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Price v. City of Chicago

Court of Appeals of Illinois, First District, First Division

February 20, 2018

PRISCILLA PRICE, Independent Administrator of the Estate of Niko Husband, Deceased, Plaintiff-Appellant,
THE CITY OF CHICAGO, a Municipal Corporation, and MARCO PROANO, Defendants-Appellees.

         Appeal from the Circuit Court of Cook County. No. 11 L 10162 Honorable Elizabeth M. Budzinski Judge Presiding

          JUSTICE SIMON delivered the judgment of the court, with opinion. Justices Harris and Mikva concurred in the judgment and opinion.


          SIMON, JUSTICE

         ¶ 1 Niko Husband was shot and killed by Chicago police officer Marco Proano. This case was filed by the administrator of Husband's estate seeking damages for wrongful death. Officer Proano and the City of Chicago countered that the shooting was justified under Illinois law. The jury returned a general verdict against the defendants, and in favor of plaintiff, for $3.5 million. The jury also answered two special interrogatories.

         ¶ 2 The first special interrogatory asked whether Officer Proano "reasonably believe[d] that Niko Husband's actions placed him or his fellow officers in imminent threat of death or serious bodily harm" when he shot Husband. The jury answered "Yes." The second special interrogatory asked whether Officer Proano's "conduct in shooting Niko Husband [was] willful and wanton." T

         ¶ 3 he jury answered "Yes." Finding that the answer to the first special interrogatory controlled the verdict, the trial court entered a judgment of no liability in favor of defendants. We reverse.

         ¶ 4 BACKGROUND

         ¶ 5 On July 17, 2011, nineteen-year-old Niko Husband went to a dance party at 80th Street and Ashland Avenue with his friends. The organizers of the event rented a fraternal lodge and provided security. Attendees were patted down by security as they entered the party. There was no alcohol served. A disc jockey played music and everyone was dancing. But the party ended abruptly when police arrived and announced to the crowd that the party was over.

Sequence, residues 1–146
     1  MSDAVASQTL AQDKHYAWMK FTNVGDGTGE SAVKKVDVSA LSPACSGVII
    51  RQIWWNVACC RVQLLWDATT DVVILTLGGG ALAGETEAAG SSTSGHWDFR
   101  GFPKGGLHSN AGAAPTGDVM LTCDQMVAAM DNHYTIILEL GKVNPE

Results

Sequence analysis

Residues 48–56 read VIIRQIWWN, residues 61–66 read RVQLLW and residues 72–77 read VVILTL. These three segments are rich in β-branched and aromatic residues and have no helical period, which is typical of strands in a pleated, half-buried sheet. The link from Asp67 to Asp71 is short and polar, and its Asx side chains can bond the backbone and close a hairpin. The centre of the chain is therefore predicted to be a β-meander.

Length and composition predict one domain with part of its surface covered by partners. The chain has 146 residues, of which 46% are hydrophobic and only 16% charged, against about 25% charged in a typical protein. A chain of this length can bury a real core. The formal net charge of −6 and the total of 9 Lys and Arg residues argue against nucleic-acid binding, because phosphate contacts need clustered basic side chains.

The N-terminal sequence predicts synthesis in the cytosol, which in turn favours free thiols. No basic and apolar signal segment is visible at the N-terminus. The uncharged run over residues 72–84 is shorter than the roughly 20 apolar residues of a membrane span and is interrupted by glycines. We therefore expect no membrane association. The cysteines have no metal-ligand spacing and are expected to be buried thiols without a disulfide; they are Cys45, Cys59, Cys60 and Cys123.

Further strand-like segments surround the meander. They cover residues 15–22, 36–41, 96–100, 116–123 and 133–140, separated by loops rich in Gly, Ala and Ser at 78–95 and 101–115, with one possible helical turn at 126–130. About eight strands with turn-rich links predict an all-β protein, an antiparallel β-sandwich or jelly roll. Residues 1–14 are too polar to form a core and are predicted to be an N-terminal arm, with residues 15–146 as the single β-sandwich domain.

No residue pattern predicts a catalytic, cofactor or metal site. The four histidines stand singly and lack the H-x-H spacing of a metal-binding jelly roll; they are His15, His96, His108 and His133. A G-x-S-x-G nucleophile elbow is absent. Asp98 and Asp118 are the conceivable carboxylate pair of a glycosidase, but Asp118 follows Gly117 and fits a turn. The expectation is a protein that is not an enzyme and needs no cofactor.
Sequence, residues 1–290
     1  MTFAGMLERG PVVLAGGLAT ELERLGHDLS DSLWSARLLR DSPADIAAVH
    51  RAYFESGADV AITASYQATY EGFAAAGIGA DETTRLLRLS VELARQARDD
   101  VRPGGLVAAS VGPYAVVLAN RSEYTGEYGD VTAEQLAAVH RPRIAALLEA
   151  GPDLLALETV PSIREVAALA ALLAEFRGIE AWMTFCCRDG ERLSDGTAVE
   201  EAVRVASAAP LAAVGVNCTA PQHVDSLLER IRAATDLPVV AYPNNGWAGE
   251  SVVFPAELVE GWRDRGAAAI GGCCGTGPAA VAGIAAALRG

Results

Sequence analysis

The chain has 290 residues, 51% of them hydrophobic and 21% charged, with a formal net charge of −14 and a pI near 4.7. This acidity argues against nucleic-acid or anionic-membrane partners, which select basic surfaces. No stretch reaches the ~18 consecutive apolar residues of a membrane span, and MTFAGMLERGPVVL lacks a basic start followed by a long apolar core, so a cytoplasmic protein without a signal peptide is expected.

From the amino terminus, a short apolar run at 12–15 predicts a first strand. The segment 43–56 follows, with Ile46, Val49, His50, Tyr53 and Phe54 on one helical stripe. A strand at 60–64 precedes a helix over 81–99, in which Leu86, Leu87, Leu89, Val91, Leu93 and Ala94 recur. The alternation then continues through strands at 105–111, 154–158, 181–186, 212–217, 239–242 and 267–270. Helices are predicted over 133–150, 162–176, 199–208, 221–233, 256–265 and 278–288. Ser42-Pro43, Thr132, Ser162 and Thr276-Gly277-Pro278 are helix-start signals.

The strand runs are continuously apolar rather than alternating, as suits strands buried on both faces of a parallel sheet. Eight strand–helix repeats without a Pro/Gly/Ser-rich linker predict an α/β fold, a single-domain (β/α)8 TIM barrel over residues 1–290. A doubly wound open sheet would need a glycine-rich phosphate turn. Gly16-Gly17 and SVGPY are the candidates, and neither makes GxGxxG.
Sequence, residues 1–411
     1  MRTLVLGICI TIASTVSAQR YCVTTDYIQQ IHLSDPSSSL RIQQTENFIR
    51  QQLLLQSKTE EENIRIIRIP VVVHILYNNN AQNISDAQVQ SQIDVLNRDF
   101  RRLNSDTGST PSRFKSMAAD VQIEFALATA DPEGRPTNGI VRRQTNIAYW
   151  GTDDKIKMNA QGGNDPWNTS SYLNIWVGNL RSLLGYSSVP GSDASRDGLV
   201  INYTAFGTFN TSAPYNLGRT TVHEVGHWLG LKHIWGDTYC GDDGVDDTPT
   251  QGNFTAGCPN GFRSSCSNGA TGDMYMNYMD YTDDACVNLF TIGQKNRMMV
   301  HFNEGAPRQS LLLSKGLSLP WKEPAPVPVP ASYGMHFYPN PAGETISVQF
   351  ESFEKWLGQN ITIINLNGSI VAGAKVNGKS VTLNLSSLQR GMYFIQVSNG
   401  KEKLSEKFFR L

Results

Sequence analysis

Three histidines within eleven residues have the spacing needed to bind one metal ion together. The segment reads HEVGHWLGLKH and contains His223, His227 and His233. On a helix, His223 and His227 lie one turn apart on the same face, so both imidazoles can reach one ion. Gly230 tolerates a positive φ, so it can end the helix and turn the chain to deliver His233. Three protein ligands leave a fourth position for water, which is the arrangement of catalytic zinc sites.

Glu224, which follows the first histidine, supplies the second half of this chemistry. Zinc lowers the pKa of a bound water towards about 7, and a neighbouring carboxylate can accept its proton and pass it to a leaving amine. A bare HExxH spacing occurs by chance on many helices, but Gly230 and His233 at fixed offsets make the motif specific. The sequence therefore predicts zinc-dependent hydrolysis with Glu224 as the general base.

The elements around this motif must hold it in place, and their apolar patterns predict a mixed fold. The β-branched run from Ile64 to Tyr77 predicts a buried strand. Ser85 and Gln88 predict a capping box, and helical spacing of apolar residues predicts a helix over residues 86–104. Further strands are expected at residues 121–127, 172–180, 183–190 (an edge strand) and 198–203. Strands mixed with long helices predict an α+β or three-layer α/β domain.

¶ 6 Chicago Police Officer Marco Proano and his team had received a radio call that a man with an AK-47 was running towards 80th Street and Ashland Avenue-the same location as the dance party. The radio call identified the suspect with the AK-47 as a black male with dreadlocks wearing a white shirt and white or khaki shorts. The officers approached the party and told the security guards that they were looking for a man with an AK-47. The security guards told the officers that the suspect was not inside because they patted down everyone prior to entry. The police ended the party and searched partygoers as they exited.

         ¶ 7 As Husband exited the party, he was positioned immediately behind and had his arms around a female friend, Keoni Jackson. Husband was wearing a bright green T-shirt and blue jeans. Officer Proano testified that he knew Husband did not meet the description of the suspect from the radio call. However, in Officer Proano's judgment and the judgment of other officers, Jackson appeared distressed or panicked by Husband's contact. The officers instructed Husband to take his arms off Jackson and to let her go. Husband did not obey the order. Officer Whigham testified that Husband shoved him and refused to let go of Jackson. Officers threw both Husband and Jackson against the wall and started to forcefully separate them. A struggle ensued.

         ¶ 8 Officer Proano testified that when he put his arm between Husband and Jackson, he felt a gun around Husband's waist area and then placed his left hand directly on the gun. Husband's T-shirt was covering the gun. Officer Proano testified that he could not pull the weapon from Husband's waistband due to the struggle but yelled out "gun, gun, gun, he's got a gun" to alert his fellow officers. Officer Whigham used his Taser three or four times on Husband causing him to the fall to the floor on his back. At this time, Officers Proano, Whigham, and Piper were directly involved in the struggle with four other officers surrounding them in close proximity.